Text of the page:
The Fear Of Missing Out (FOMO) is believing that someone else is doing something better than you are, and therefore, you are missing out. It is a social angst, heightened by social media, which portrays a false image of life. While the mindset has been present in every generation, there is a growing trend of keeping options open and waiting for something better. Still, it isn’t helping any of us live better lives.
Think about theses scenes you see frequently (maybe you do these things yourself):
- A young couple on a date at a restaurant, who don’t engage on another much in conversation, rarely make eye contact, and stare at their phones for most of the dinner. They are afraid the options online are better than what is in front of them (bad habits are also at play).
- You ask someone if they want to watch a movie or go play pool on Friday night and they get flaky about an answer. They might say something akin to, “text me before you leave and I will let you know if I can go”.
- A relative who has been dating their significant other for 10 years and has no plans to get married, because they want to “keep their options open.”
- Second-guessing the decision you made to stay home and study/rest/etc, thinking that your friends are having a great time without you.
- 168,894 different drink combos at Sonic
- Dating sites that offer hundreds of thousands (or even millions) of different “options” to date or hook-up with others.
- How many different options are there on a phone now? Not to mention the kinds of phones one might choose.
We have even brought this attitude into faith issues – church shopping, being spiritual but not religious, and wanting to choose our own way over God’s way (the universal FOMO).The primary force behind FOMO’s rapid growth is the internet and social media. When you see Instagram pics of your friends at your favorite band’s concert in New York (when you live in TX), the newly married couples “we are in heaven” post on Twitter, or the Facebook update about the new dream job your high school friend just got, it can lead to you feeling like your life isn’t up to par with others. Studies have shown that using Facebook can cause low self-esteem!
The problems that come from this attitude are many and I believe the enemy is highly entertained by this culture of the better option.
If we don’t commit to something and stick to it, we don’t commit to anything.
If we don’t commit to anything, we live our lives without meaning.
Too often today, we stand paralyzed in making a choice, because there are too many options. We leave our options open, waiting for the better one, but we end up not committing to anything and then the moment passes us by and we seem unsatisfied – afraid we “missed out” on something better. Sometimes it is a consequence of being afraid to make the wrong choice, in the face of so many options being presented. So, the only decision made is to not make a decision, and therefore not have to live with the consequences of missing out or making the wrong choice. This is not a good way to live a good life!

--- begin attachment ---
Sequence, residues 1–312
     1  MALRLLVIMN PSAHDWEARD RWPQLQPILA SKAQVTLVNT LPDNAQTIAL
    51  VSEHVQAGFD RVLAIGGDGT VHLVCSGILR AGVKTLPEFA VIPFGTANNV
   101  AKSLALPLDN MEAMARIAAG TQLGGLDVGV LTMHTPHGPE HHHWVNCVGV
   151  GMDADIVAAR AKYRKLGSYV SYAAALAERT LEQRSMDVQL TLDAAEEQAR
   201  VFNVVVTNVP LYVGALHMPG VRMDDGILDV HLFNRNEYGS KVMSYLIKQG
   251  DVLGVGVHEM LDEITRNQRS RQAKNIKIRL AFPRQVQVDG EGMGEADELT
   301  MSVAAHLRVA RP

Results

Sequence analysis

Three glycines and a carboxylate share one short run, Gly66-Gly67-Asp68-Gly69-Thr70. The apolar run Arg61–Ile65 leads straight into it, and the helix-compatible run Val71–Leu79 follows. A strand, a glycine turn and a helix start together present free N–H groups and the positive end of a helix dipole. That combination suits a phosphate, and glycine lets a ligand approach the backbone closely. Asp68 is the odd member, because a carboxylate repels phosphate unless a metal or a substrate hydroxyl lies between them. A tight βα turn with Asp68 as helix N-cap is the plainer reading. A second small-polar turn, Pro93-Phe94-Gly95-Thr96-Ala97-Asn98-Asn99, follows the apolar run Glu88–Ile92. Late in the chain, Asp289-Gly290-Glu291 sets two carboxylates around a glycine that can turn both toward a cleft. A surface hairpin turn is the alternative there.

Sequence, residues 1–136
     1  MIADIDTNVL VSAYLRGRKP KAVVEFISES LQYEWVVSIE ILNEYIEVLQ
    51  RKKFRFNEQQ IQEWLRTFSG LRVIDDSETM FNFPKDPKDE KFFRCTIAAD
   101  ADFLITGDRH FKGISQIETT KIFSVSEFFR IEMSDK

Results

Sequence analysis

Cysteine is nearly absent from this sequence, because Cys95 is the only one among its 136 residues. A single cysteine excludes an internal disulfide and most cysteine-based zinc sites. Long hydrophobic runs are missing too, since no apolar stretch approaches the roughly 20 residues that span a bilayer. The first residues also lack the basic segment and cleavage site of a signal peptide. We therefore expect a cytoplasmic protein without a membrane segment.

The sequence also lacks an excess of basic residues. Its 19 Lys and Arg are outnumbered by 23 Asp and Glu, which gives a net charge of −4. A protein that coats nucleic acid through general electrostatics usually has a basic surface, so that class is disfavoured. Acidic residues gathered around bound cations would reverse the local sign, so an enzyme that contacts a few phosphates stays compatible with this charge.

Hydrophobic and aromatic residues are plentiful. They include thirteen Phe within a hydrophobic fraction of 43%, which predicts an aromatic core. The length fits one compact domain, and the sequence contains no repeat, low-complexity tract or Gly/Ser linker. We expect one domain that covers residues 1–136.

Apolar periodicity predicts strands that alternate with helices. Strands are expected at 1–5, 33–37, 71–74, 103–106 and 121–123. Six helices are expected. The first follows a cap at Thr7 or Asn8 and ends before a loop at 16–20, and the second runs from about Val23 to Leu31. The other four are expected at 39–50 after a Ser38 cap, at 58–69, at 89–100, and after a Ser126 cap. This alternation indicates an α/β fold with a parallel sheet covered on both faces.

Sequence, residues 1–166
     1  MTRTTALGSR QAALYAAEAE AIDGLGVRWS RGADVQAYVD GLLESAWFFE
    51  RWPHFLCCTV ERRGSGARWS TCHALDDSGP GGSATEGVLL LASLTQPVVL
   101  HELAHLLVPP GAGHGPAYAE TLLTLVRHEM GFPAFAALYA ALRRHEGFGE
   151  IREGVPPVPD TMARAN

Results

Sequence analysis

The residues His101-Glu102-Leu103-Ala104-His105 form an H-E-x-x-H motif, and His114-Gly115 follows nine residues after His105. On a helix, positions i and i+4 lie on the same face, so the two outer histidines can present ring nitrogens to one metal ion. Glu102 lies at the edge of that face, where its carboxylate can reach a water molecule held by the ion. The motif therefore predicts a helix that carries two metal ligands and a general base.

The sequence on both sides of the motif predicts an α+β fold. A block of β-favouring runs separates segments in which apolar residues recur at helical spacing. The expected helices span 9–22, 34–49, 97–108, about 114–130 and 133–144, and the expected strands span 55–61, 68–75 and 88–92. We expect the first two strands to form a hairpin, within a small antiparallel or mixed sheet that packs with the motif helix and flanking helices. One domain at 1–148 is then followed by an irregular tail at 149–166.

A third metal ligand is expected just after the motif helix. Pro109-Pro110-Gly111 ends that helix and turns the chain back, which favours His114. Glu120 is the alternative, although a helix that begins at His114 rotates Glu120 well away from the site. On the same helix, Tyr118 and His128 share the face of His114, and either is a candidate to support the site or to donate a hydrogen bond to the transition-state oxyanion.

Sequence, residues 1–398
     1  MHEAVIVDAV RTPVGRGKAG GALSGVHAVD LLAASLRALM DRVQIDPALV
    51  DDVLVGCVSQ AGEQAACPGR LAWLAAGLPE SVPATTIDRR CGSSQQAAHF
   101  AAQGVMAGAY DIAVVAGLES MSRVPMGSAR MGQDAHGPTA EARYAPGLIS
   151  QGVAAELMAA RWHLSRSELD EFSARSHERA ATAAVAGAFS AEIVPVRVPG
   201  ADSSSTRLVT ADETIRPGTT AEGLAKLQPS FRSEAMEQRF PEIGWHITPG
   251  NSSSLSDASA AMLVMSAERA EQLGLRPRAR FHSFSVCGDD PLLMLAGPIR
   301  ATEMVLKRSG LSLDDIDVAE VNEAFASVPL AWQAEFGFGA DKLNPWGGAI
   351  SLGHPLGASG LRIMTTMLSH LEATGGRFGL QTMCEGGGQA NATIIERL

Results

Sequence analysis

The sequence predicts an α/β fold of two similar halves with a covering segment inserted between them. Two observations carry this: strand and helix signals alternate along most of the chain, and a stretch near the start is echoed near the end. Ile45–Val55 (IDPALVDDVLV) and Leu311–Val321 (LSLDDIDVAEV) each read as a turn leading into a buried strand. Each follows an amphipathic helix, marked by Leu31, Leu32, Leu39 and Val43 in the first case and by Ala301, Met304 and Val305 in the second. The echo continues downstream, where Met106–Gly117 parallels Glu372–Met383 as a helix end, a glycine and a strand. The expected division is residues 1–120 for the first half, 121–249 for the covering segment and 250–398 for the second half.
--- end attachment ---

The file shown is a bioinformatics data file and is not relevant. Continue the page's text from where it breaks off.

Life is meant for us to make a choice, stick with it, and the result is living a better life because of it. Think of the vows of matrimony. They speak to choosing one spouse and only one spouse, until death do us part:
I, ____, take you, ____, to be my (husband/wife). I promise to be true to you in good times and in bad, in sickness and in health. I will love you and honor you all the days of my life.
Notice there is no backdoor to find a better option down the line. Whatever may happen, this is the choice I make and I stick to it. If we don’t, we are treating others as an thing which we can use as we wish to make us happy = utilitarianism. This mentality is dangerous and unchristian!
Utilitarianism is the philosophy that the best way to live my life is to maximize my happiness and minimize my suffering and this is primarily done by using other people and things to attain my happiness. In other words, it makes people into objects. By constantly keeping your options open with others, by waiting for a better option, by having the fear of missing out – we treat others as objects, not people! Thus, life becomes about what others do for me, not about love!
Think about how God chooses to love us. He chooses you and sticks to His choice! It is how He wants us to live our lives too! Make a choice for God and stick to it! There are a multitude of gods out there we can worship – money, pleasure, power, fame, etc. One that too many are worshiping today is the god of better options. It promises you won’t miss out. But, it lies.
Choose God. Choose others. Stick to your choice. This is the way of the one true God who chooses you. Faithfulness is never without sacrifice, but it does not leave us unsatisfied.
Even psychology backs this up – Psychologist Barry Schwartz teaches this (WARNING – there are some parts of this video that are somewhat crass, but are used to make a good point):
Here are some tips for fighting the FOMO mentality. But, a simple question might really be the key – “is this (checking Facebook for the 65th time today / keeping your phone on 24/7 / worrying about comparing yourself to others / etc) really going to make my life better?” Choose based on the true answer, not your impulse.
Even the Bible talks about how to deal with FOMO:
“Now if you are unwilling to serve the Lord, choose this day whom you will serve, whether the gods your ancestors served in the region beyond the River or the gods of the Amorites in whose land you are living; but as for me and my household, we will serve the Lord.”-Joshua 24:15
Finally, below is a video from a college student talking about the consequences of FOMO. This is really well done: